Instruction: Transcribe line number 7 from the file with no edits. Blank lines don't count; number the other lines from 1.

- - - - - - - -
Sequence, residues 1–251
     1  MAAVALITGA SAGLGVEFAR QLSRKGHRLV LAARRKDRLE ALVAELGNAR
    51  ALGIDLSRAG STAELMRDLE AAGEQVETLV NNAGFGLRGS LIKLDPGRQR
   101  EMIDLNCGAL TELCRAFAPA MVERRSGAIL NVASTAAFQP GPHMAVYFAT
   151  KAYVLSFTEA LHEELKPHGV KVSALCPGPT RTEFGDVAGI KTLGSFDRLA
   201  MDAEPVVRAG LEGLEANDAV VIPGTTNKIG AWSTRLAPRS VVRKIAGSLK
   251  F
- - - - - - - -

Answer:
   251  F